“My buddy there, Walt Abbott, knew that Mike Haley was coming up looking for coaches, so (Abbott) called me into the office, said, ‘I want you to interview with Mike,'” Beaulieu said.

Haley — who also led programs at Edward Little, Oxford Hills and Rumford — had just been hired as Lewiston’s football coach and needed assistants.

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“Mike hired me on the spot. I am so glad that I had great people like that in my life — and Mike was one of those guys,” Beaulieu said.

Beaulieu taught and coached at Lewiston for 35 years and also did a coaching stint at Bates College.

OLD HOME DAYS

An invitation from an old friend to the watch him compete in a Senior Olympics in Scarborough sparked Beaulieu’s curiosity about competitions featuring older adults. Beaulieu was impressed by athletes who would not let age stand in their way of competing.

“Then I went over in the javelin area, and who is throwing — Steve Pelletier,” Beaulieu said. “I hadn’t seen him in 30 years. I am going crazy now because he’s like a blood brother. Sure enough, it was like yesterday, once we started talking. He inspired me (to compete).

“(Pelletier) is quite a legend himself. He is quite an athlete, that guy. That goes way back. We are both UMO graduates and both played sports there. Our schedules worked out so that as throwers, we used to work out in the same area to throw in the same time frame. We spent hours and hours in the throwing circles. He’d be throwing the javelin and I’d be throwing the hammer, and another good friend (Bill Hamlin) would be throwing the discus.”

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Pelletier, a javelin thrower and an assistant coach for the Scarborough track teams, suggested Beaulieu start competing in throwing events again. The former Lewiston coach began seriously thinking about it and began looking at other venues before he came upon USA Track and Field, which also sponsors events like Masters.

“(Regis) has always been naturally kind of strong, and, of course, he coached track so he didn’t get away from the sport at Lewiston High School,” Pelletier said. “I think it’s fantastic (he is competing). He competed in one meet last fall (for the) Twilight Throwers, somewhere in Massachusetts. Right there, he threw the hammer and all of a sudden got ranked 10th in the U.S. in his age group. He is doing fantastic.”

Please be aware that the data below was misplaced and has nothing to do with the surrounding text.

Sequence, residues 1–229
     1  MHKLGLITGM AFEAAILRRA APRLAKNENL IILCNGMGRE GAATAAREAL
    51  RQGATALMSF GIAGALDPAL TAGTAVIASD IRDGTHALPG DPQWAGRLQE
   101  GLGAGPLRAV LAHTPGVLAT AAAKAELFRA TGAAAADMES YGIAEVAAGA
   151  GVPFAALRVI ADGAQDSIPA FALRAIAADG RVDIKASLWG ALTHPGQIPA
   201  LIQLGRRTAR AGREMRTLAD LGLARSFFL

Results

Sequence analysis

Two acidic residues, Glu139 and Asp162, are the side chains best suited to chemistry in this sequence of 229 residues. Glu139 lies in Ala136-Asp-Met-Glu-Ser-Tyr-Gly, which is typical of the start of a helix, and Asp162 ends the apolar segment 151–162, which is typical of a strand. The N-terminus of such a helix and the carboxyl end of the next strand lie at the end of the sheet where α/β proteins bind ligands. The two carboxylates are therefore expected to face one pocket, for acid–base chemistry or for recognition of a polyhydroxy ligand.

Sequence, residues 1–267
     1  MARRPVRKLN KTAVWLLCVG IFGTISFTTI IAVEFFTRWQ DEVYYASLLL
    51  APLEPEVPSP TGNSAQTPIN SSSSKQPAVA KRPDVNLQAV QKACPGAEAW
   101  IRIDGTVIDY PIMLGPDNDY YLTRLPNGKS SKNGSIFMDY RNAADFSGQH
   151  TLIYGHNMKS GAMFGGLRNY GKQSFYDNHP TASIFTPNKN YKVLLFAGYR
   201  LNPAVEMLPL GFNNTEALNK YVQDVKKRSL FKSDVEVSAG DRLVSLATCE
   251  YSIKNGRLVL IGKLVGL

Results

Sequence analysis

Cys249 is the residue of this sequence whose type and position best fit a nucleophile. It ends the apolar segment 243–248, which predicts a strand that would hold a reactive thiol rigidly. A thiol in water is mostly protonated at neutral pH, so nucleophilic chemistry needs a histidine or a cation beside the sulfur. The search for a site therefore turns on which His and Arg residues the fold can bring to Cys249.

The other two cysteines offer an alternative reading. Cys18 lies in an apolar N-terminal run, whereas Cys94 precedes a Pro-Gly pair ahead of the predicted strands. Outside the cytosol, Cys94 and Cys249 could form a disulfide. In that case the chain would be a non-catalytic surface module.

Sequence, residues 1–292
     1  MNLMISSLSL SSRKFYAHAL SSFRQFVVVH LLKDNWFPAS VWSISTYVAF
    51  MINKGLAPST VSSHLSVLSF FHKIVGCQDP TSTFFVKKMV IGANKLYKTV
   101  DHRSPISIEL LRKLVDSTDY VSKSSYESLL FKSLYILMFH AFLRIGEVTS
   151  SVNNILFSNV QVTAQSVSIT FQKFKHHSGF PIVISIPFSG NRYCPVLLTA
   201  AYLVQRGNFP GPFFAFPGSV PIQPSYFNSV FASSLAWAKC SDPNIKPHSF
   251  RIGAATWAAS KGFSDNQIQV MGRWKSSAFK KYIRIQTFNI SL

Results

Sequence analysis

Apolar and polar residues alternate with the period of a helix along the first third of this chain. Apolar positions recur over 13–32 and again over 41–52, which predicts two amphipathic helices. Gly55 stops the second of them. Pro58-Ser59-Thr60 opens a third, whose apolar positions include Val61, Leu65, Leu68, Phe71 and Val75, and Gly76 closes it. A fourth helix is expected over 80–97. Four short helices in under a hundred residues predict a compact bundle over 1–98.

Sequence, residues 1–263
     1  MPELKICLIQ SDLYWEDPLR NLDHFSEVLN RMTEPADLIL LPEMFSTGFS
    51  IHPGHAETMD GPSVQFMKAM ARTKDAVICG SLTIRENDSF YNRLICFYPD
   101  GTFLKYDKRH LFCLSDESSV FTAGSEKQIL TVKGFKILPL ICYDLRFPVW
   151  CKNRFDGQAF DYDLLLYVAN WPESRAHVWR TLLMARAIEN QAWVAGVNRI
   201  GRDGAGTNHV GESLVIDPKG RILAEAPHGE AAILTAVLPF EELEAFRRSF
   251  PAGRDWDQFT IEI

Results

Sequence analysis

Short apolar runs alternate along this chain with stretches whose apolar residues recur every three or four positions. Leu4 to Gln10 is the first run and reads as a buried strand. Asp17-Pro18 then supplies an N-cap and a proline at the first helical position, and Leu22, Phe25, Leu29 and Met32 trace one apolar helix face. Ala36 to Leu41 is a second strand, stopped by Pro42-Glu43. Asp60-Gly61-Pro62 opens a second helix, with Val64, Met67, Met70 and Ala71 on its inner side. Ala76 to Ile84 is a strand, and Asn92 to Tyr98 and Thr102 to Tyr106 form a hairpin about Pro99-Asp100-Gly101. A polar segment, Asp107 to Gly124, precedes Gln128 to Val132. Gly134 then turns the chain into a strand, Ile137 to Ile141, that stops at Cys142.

Pelletier said he was happy to help steer Beaulieu back to the throwers circle.

“(Regis) is very, very dedicated to refining his (throwing) technique in his event,” Pelletier said. “We would always be the last three (to leave) at UMaine’s outdoor practice. So we had the greatest time in college. Almost 50 years later, we are back at it. Great to see (Regis) back involved.” 

Beaulieu said the Masters, which is different from the Senior Olympics, begins at age 30 and goes all the way to 104 years old.

“Now they have got competition from all over the United States all year round,” Beaulieu said. “The competition, if you want it, it is there. It is the best in America at the Masters level. I am pretty much invested and focused on USA Track and Field. I am going to compete in the Senior Olympics, too, because it is fun to do.”

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He acknowledges that aches and pains hound him during training and competitions.

Regis Beaulieu and Jane Jawor stand together after competing in a Twilight Throwers competition in Chelmsford, Mass. Jane Jawor photo

“It is all about staying healthy,” he said. “I can’t tell you how much I hurt. The training alone is almost debilitating at times. You have to put the time and the work in, and when you are in your 50s, 60s, 70s and 80s, it gets harder and harder.”

Along the way, he and one of his high school proteges at Lewiston High School, Jane (Woodhead) Jawor, who went on to compete for the University of Tennessee and became an All-American — met again by chance at the Bates’ throwers circle the past August. They have been training ever since and traveling to competitions together.

“Her senior year, she won the National Indoor Shot Put Championship,” he said. “In the spring of her senior year, I brought her down to the Junior Nationals. She won the javelin. She was second in the discus. She made the Junior Nationals and went to Athens, Greece and was 11th in the world in Javelin.”

Jawor, who hadn’t seen Beaulieu since she was 18, embraces “coming full circle” with a coach she admires and cherishes.

Jawor said Beaulieu has faced life-threatening situations during his treacherous climbs to the top of mountains.

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“So he stopped mountaineering, and (Masters competitions) are such a great find for him, as far as purpose,” she said. “He loves the throws. After mountaineering, you still miss the physical challenges, so this has been a really nice (venue) for him to train for something because mountaineering, you have to really train for that.”

Jawor applauds Beaulieu for his a diligence and marvels at his work ethic.

“Reg is just an incredible person,” she said. “I am really excited for him that he got some recognition for his efforts and his goal and his drive. He does not miss a workout ever. It has been great for me because I also don’t miss (a workout) unless it is something I can’t get out of.

“It becomes very difficult to find a team with training partners to belong to. Finding a throws partner has been just a real gift for both of us. It has been a journey and an experience neither one of us will forget.”